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Fisher’s of Men

June 14, 2012

“”And he saith unto them, ‘Follow me, and I will make you fishers of men’…” (Matt. 4:19)

Simon Bar-Jonah, who would become the apostle Peter, and his brother Andrew were natives of the town of Bethsaida, but had come to Capernaum to work their fishing boat in the Sea of Galilee. From what we can tell from the Gospels, the two were business partners with another set of brothers, James and John, and their father Zebedee. It was apparently a successful business, as they could afford the luxury of servants; and John, at least, had more than one home: one in Capernaum, with another house in Jerusalem as well.

So, these men were men of affluence: men who worked hard but were rewarded well for that work. Many could argue that there really isn’t much more to life than to make a living. Yet Christ proved otherwise: because despite their privileged lifestyles, and being the Godly Jews they might have been, these men had so much more to do with their lives than a profitable fishing business on the Sea of Galilee.

And they must have realized this, for when Christ came and called for them, they answered without hesitation: “And he saith unto them, ‘Follow me, and I will make you fishers of men’. And they straightway left their nets, and followed him.” (Matt. 4:19-20)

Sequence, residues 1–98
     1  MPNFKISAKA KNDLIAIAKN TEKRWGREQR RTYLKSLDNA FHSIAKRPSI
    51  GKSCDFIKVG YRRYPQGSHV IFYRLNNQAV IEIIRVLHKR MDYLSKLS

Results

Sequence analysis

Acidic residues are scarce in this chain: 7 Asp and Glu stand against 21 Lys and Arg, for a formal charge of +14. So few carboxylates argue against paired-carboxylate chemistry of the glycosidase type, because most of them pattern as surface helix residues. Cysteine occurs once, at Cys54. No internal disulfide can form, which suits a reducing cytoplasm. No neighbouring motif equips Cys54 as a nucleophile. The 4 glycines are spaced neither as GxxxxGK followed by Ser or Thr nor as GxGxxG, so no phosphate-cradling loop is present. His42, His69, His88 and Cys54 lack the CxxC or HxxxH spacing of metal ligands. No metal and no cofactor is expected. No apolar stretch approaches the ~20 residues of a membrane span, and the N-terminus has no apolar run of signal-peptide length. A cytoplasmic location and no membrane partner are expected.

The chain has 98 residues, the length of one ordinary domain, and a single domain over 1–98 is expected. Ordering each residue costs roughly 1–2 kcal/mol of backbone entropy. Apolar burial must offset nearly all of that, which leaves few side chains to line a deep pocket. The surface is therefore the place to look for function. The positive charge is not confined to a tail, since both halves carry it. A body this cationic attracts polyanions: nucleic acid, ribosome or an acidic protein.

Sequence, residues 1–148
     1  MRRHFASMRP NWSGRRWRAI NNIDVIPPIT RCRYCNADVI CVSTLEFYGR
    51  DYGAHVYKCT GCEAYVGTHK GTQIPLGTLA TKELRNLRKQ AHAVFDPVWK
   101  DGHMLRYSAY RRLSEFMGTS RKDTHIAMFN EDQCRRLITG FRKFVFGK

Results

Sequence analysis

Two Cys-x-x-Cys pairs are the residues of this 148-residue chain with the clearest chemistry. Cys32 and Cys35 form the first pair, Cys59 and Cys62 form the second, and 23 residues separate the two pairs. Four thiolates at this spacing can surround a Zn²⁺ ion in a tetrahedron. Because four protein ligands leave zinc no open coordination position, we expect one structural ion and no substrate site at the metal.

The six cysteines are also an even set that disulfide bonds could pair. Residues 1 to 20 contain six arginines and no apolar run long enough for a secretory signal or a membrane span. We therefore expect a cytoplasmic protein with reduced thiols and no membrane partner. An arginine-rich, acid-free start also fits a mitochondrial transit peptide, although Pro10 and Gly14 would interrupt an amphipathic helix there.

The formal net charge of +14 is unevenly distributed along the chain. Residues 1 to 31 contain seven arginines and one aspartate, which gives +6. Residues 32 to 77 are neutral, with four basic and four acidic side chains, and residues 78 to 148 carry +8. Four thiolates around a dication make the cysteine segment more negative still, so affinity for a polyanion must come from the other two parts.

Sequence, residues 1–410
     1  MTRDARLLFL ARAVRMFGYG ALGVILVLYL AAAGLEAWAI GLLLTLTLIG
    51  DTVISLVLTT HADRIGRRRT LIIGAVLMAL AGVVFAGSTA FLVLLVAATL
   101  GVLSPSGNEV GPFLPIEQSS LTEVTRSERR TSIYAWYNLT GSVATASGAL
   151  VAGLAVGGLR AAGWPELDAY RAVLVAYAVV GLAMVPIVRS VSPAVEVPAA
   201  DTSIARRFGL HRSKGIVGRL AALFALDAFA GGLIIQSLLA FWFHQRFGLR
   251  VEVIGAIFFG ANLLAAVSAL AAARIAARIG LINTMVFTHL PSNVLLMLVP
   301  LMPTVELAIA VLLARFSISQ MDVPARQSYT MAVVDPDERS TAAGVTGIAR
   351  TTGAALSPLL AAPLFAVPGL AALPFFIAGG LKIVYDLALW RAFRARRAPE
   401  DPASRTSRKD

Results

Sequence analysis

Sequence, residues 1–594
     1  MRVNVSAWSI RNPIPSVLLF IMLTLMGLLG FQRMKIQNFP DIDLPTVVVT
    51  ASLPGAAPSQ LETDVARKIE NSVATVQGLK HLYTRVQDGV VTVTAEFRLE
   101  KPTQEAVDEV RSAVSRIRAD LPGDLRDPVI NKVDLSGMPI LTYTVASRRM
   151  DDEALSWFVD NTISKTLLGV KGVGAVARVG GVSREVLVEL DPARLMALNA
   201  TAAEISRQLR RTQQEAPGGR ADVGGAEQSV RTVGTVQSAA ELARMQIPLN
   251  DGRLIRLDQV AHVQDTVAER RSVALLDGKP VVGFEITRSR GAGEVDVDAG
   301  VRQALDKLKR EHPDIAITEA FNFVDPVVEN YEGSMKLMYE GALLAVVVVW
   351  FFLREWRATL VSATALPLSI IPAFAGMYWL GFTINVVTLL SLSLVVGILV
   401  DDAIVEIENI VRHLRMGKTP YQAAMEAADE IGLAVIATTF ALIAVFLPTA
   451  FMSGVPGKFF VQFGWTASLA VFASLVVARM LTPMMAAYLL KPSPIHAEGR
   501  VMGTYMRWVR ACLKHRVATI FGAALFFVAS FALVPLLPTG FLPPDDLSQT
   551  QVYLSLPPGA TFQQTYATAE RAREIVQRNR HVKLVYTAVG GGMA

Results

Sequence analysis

Because these men were more than just disciples, men who followed the Lord around and sat at His feet while He taught…they were to become apostles: messengers, preachers, miracle workers, and the future foundation of the church. They left behind their mundane – if successful – lives to became fishers of men, seeking the lost sheep, expanding the Kingdom, and praising our Lord wherever they went.

The 5th chapter of Luke goes into more detail then the preceding Gospels: it tells the story of how Christ, after teaching the multitudes from Peter’s boat, directed the soon-to-be-disciple to “launch out into the deep and let down your nets for a draught,” (Luke 5:4). Peter, despite having fished all night without success, did as commanded. It would have seemed strange to the fisherman, since night fishing was the preferred method, as it was in darkness the fish were found in shallower, easier-netted waters; during the daylight, they migrated out to deeper waters that were difficult to fish.

Still, Peter obeyed; and as a result, the haul was so great that it began to break the net, and it took all the partners in their separate boats to pull it in. Peter, Andrew, James and John, all astonished at this miracle, were made disciples then and there. Jesus told them, “Fear not; from henceforth thou shalt catch men,” (Luke 5:10).